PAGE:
Thrive by 25: Young People and Elected Leaders Talk About Working Together

Posted February 3, 2021, By the Annie E. Casey Foundation

Young people talk to elected state leaders during an event announcing the Casey Foundation's Thrive by 25 effort.

Three lieutenant governors listened to young people before speaking at an event where the Annie E. Casey Foundation announced it is dedicating at least half of its investments over the next decade to improving the well-being and prospects of youth and young adults ages 14–24. Expanding on the importance of this work, and what it will require of those involved, was the focus of a virtual Youth Voice and Power Summit hosted by the Foundation on Jan. 28.

The summit gave five young people the opportunity to share and exchange ideas about what youth and young adults need and what policymakers can do to ensure they Thrive by 25.

“You have to understand [a] community’s culture” to make those connections with young people in diverse communities, said Perla Ortiz, a member of the Young Invincibles Youth Advisory Board in Texas, during a panel discussion featuring four young leaders and a young moderator. Everything from translating documents to facilitating access to health care is essential.

Other needs raised by the young leaders ranged from equitable resourcing and voting rights to transferring the knowledge of community and family elders to the next generation. Addressing the needs of youth and young adults is multifaceted, but as Sam Schimmel, who is working to combat suicide, drug abuse and cultural erosion in Alaska Native communities, summed it up, “What success looks like for young people is hope — that ability to say that ‘I can hold a position wherever I want to be.’”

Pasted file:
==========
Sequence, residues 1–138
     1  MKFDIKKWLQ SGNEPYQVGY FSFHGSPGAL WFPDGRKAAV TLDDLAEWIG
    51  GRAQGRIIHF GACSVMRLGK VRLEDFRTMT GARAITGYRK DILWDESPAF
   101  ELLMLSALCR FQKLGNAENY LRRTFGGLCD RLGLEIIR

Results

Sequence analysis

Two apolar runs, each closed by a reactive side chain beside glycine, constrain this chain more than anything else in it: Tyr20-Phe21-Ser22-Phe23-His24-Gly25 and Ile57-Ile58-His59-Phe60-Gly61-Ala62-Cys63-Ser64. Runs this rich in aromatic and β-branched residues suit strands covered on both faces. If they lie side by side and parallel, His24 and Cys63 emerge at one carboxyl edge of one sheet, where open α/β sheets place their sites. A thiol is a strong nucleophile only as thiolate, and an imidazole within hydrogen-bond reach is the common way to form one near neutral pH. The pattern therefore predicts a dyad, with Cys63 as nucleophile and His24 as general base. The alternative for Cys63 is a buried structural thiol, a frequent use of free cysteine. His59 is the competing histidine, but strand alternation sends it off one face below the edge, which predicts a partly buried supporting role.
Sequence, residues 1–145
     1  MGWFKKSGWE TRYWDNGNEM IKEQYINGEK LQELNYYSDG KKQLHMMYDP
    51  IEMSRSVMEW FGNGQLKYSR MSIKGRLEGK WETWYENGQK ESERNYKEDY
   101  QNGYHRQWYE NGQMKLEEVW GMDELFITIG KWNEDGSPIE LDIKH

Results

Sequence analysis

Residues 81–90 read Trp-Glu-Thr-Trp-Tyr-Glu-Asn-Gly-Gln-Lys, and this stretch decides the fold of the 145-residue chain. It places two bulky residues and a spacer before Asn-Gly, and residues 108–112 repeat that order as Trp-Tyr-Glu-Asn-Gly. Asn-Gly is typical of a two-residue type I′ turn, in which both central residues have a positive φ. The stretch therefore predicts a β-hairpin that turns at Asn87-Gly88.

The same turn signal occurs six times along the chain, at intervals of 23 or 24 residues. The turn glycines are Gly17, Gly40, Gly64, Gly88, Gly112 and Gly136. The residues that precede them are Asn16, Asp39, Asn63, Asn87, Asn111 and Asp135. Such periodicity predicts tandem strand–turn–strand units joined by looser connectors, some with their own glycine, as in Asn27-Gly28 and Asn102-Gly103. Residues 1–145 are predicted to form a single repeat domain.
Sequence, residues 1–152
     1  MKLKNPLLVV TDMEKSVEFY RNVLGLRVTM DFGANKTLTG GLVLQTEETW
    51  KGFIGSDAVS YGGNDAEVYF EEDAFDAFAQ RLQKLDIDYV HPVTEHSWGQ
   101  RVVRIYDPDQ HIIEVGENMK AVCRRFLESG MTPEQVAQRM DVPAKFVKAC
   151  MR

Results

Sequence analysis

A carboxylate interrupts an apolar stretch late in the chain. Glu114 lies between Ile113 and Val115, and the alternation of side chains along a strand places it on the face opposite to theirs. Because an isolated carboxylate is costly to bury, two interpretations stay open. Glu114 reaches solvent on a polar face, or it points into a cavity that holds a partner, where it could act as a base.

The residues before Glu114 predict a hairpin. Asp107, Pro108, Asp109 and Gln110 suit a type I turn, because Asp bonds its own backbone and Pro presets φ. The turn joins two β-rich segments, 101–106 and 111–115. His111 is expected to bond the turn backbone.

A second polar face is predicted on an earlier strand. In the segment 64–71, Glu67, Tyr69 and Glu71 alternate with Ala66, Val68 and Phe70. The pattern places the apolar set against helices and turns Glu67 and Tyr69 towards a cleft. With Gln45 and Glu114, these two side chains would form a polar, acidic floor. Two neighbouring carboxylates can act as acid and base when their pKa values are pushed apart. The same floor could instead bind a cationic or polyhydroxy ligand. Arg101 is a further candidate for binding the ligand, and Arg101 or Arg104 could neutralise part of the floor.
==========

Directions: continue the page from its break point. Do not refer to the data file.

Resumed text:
During a second panel discussion, three lieutenant governors — Peggy Flanagan (D-Minnesota), Howie Morales (D-New Mexico) and Boyd K. Rutherford (R-Maryland) — offered their perspectives on policy implications at the state level.

“We need to ensure that the people who are most impacted are the closest to the decision-making table and the solutions,” Flanagan said, reacting to what she heard from the first discussion. “That’s what’s so exciting about this conversation: Each of our youth are using and pulling a different lever to move their communities forward — and be seen and heard and valued and protected.” Her state just launched a young women’s initiative to lift youth voices and encourage mentorship.

All three lieutenant governors discussed the need to make continued investments in education.

The need to do the work was a theme that cut across both panels and left the most enduring impression. “A lot of times, when we think about change, we think about the final product, we think about the folks who are satisfied with that. But we don’t know a thing about the process,” said Jamal Jones, co-founder of the Baltimore Algebra Project, which focuses on youth leadership and employment through math. “The process is really where the work is.”

The data show why it is important for the Foundation to focus on older youth and young adults.

“The health and economic crises that we are going through have eliminated a decade of progress in reconnecting young people to school and to work,” said Foundation President and CEO Lisa Hamilton. “We have got to seize this moment to regain and pave a path forward for them.”

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